The hallucinogenic and mind altering effects of ergot poisoning seems to be the most widely accepted theory. Prior to the events in Salem, ergot poisoning was responsible for the deaths of large numbers of people in Europe throughout the middle ages in what came to be known as Saint Anthony’s Fire (Goldberg, 275). Symptoms of ergot poisoning include hallucinations, disorientation, spasms, and a burning sensation in the hands and feet (Secrets of the Dead). These symptoms were similar to the behavior of both the accused witches and the supposed victims of witchcraft, who apparently suffered from torture by an unseen force and reported being bitten and scratched (The Salem Journal: The Aftermath). Or perhaps it is no coincidence that many of the accused witches were girls between the ages of 11 and 20, living in a society that had little concern for the hormonal changes of puberty.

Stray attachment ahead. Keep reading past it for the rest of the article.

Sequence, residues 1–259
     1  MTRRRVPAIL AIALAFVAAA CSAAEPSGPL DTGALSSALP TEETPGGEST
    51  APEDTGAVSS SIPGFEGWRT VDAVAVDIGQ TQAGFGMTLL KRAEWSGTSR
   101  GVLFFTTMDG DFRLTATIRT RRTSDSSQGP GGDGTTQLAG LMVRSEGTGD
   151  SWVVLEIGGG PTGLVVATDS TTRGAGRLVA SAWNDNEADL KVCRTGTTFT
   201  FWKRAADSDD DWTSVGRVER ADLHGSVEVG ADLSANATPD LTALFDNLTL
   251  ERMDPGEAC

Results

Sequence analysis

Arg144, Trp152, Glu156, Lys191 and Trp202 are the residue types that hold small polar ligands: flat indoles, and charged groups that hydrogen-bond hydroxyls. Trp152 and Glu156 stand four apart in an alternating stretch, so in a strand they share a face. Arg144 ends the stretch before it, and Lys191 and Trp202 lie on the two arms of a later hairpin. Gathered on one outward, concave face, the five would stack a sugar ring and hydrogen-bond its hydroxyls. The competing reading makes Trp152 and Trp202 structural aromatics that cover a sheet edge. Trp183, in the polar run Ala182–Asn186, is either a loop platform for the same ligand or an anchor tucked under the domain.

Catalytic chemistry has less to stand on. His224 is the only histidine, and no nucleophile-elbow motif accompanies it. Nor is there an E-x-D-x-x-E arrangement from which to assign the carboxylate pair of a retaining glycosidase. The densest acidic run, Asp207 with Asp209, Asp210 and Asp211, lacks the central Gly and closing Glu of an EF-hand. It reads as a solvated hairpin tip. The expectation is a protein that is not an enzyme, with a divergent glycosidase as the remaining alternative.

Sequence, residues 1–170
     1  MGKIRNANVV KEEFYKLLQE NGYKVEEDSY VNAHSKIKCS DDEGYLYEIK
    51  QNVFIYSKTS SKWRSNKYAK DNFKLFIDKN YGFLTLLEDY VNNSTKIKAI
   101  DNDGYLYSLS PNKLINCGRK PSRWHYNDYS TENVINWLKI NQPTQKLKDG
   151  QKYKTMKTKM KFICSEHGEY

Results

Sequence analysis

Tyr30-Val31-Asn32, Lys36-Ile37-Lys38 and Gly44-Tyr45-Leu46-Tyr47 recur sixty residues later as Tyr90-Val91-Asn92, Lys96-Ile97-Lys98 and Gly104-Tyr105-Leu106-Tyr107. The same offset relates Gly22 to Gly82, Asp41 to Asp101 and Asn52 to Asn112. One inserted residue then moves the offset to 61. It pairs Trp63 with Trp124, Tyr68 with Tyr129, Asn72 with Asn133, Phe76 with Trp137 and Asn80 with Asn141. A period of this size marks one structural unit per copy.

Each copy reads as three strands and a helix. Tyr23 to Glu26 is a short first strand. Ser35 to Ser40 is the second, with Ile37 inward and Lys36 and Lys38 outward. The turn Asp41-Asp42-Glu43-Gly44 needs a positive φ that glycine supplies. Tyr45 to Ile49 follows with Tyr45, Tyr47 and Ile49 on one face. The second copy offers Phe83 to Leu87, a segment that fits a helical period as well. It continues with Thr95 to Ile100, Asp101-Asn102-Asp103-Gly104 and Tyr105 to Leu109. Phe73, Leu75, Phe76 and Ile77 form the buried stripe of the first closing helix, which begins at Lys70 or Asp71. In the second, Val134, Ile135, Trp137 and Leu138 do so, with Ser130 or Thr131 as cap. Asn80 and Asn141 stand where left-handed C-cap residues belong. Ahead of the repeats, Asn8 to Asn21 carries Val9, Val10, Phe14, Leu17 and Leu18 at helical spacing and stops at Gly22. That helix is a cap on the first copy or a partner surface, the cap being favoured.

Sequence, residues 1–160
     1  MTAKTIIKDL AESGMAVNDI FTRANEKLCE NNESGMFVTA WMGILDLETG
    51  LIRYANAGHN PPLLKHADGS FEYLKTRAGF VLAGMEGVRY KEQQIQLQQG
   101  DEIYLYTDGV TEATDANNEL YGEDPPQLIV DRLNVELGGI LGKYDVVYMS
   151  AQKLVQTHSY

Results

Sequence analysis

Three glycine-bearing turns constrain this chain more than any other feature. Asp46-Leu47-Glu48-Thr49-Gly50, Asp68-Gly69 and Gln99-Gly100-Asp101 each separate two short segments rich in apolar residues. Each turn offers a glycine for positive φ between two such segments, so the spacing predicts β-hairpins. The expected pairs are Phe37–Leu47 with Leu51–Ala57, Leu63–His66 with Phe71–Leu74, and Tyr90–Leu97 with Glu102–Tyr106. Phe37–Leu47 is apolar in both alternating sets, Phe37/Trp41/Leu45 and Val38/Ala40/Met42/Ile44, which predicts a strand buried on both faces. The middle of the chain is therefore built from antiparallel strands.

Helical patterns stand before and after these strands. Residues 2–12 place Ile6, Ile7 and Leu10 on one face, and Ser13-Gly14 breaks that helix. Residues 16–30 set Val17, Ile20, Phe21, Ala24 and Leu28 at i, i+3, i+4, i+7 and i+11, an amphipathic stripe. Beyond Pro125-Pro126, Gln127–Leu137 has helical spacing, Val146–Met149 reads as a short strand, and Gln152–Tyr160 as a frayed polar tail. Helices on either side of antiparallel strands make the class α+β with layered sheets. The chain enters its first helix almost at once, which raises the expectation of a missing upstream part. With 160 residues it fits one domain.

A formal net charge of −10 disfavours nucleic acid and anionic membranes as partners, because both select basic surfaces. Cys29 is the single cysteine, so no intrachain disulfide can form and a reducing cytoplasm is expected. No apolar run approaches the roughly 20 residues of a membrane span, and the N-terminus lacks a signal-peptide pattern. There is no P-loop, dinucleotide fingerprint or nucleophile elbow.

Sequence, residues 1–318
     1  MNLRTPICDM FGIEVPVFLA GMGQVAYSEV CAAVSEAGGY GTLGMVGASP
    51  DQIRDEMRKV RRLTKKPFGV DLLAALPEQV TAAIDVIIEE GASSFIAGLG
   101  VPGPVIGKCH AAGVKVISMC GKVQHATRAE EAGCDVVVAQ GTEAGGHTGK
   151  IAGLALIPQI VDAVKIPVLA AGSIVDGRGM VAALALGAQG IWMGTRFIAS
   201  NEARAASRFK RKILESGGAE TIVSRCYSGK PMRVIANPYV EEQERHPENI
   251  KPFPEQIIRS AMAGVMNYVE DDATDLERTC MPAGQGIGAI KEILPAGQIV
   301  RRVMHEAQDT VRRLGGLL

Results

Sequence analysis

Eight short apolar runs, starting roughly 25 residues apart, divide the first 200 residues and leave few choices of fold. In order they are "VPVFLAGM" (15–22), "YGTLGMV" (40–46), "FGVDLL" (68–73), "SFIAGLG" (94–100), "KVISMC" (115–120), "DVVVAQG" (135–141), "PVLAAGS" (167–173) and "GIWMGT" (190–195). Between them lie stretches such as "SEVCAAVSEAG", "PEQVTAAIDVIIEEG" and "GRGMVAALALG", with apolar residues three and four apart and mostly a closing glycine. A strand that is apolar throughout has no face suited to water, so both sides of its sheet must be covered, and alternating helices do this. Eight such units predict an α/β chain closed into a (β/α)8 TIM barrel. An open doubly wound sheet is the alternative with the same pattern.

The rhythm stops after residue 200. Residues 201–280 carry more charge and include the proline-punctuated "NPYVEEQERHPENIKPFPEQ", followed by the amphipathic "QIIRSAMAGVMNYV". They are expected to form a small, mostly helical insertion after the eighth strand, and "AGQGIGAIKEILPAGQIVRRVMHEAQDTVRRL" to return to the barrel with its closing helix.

As I Lay Dying Analysis A death in the family results in hard times and how we react to it. In the novel, As I Lay Dying, William Faulkner describes the life of a poor, dysfunctional family traveling across rural Mississippi to bury their deceased wife and mother. Faulkner uses point of view to allow the reader to experience the emotion, mindset, and struggle of each individual character. The wife and mother, Addie, is on her death bed while her oldest son, Cash, is trying to perfectly build her coffin since he is a bit of a perfectionist in the story. Her other two sons, Darl and Jewel, continue to antagonize each other.